Volume 134, Issue 10



September 5, 2019 – Welcome to “This Week in Blood,” a weekly snapshot of the hottest studies from each week’s issue of Blood, the official journal of the American Society of Hematology (ASH), hand-picked by Blood Editor-in-Chief Bob Löwenberg, MD, PhD, and Deputy Editor Nancy Berliner, MD.

Cover Figure:Increased SLAMF7high monocytes in myelofibrosis patients harboring JAK2V617F provide a therapeutic target of elotuzumab. See the article by Maekawa et al.

Early progression as a predictor of survival in marginal zone lymphomas: an analysis from the FIL-NF10 study
Luminari and colleagues demonstrate that in patients with marginal zone lymphoma requiring therapy at presentation, progression within 24 months predicts for markedly inferior survival.

Shared roles for Scl and Lyl1 in murine platelet production and function
Stem cell leukemia (Scl) protein is part of a 4-protein transcription factor complex required for megakaryopoiesis, but mutated Scl does not cause thrombocytopenia. Chiu and colleagues used conditional knockout mice to demonstrate that lymphoblastic leukemia 1 (Lyl1) can substitute for Scl and that this functional redundancy explains why mutations in either gene alone do not decrease platelet production.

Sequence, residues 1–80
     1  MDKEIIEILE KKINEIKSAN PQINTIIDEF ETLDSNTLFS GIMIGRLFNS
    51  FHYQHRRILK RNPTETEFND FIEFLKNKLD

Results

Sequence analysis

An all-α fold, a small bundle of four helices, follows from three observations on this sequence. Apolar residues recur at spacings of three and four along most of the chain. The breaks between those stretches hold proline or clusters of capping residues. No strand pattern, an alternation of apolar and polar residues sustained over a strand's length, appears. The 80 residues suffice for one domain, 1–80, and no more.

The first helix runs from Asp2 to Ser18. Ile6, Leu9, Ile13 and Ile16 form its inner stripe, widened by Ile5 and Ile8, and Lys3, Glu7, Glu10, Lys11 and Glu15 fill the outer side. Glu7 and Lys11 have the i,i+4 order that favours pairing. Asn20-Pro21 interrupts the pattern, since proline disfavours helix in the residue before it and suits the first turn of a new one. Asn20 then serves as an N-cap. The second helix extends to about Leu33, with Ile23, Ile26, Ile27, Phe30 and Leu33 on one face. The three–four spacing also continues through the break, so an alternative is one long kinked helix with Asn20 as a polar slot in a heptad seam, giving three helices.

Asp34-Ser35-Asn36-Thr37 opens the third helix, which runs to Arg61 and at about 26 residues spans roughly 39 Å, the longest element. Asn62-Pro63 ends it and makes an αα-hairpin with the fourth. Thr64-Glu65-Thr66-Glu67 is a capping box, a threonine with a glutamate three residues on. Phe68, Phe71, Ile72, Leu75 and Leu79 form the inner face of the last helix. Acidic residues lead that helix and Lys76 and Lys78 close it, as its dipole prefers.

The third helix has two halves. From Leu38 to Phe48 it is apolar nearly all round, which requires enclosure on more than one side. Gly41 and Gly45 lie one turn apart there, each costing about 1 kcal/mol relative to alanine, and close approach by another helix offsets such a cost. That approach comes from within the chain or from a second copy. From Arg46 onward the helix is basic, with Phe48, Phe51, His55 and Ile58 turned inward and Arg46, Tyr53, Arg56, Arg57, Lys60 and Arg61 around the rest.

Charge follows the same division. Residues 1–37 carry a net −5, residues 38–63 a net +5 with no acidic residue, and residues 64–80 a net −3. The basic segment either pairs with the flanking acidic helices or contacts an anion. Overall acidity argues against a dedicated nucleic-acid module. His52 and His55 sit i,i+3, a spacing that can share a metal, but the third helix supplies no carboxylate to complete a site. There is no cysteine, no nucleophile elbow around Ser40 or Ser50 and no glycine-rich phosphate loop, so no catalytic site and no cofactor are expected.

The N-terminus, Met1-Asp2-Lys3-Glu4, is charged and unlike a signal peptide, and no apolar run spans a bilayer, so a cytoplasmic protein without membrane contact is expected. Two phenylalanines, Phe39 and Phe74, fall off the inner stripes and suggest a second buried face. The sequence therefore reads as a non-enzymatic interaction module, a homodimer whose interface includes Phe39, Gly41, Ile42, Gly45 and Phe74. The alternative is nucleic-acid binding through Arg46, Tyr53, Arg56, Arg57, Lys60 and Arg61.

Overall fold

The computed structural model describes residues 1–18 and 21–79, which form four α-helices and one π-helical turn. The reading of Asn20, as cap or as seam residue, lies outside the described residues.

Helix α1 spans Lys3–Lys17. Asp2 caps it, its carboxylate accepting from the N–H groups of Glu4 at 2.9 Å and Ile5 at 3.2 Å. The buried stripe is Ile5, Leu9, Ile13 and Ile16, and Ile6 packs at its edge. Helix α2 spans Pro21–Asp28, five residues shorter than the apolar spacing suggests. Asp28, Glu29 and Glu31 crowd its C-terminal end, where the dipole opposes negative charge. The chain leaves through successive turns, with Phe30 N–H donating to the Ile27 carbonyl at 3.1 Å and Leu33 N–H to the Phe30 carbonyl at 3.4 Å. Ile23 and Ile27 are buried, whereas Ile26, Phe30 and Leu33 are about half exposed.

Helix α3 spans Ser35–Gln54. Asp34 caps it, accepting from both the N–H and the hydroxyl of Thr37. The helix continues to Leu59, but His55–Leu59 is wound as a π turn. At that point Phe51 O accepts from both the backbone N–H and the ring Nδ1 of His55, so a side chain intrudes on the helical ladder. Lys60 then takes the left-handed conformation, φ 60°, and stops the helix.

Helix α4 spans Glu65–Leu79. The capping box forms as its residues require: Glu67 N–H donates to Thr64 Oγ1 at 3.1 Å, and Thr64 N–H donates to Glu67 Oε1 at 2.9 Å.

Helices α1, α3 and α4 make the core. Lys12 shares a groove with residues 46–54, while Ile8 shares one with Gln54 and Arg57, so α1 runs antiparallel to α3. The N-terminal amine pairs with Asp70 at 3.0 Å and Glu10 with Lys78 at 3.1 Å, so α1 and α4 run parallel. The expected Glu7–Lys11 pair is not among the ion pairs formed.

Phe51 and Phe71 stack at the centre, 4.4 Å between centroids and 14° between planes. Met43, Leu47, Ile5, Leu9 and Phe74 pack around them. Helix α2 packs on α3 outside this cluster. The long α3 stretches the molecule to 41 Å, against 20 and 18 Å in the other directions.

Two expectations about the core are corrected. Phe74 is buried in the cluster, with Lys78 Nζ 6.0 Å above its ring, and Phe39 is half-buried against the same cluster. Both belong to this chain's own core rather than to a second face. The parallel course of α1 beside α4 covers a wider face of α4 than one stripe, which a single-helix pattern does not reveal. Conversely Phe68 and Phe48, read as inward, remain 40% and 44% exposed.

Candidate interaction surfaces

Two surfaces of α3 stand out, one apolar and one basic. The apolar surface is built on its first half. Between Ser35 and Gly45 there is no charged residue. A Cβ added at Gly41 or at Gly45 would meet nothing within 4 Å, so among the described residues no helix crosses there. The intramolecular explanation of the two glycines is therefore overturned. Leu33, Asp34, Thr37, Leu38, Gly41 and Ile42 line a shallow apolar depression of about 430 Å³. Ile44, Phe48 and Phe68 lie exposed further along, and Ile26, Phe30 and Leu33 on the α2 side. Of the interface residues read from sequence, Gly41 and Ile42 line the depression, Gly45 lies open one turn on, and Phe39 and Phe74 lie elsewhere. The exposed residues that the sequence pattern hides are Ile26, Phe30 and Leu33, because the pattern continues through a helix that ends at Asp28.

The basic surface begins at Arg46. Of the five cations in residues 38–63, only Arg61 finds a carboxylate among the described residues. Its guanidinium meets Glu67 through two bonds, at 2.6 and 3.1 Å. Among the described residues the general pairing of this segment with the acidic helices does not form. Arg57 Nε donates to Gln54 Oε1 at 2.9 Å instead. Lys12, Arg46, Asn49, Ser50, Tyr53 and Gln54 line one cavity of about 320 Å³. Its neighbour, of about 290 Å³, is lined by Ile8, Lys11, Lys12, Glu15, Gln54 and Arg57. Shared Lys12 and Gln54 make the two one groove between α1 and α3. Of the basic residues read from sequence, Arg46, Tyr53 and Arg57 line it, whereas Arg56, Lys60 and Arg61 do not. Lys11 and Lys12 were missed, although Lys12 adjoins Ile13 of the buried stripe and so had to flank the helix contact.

Integrative genomic analysis identifies key pathogenic mechanisms in primary mediastinal large B-cell lymphoma
Mottok et al present the genomic landscape of primary mediastinal large B-cell lymphoma (PMBL), identifying key driver genes and providing evidence that PMBL is distinct from diffuse large B-cell lymphoma and more closely related to classical Hodgkin lymphoma..

Genetic defects in hematopoietic transcription factors and predisposition to acute lymphoblastic leukemia
In this Blood Spotlight, Gocho and Yang highlight new insights into the genetic basis for acute lymphoblastic leukemia.

Increased SLAMF7high monocytes in myelofibrosis patients harboring JAK2V617F provide a therapeutic target of elotuzumab
In myelofibrosis (MF), JAK2V617F-positive monocytes differentiate into fibrocytes that contribute to marrow fibrosis. Maekawa et al demonstrate that these monocytes express increased SLAMF7 and are increased in the peripheral blood of patients with MF; furthermore, SLAMF7 inhibition reduces fibrosis in a mouse model of MF.

View this week's complete table of contents

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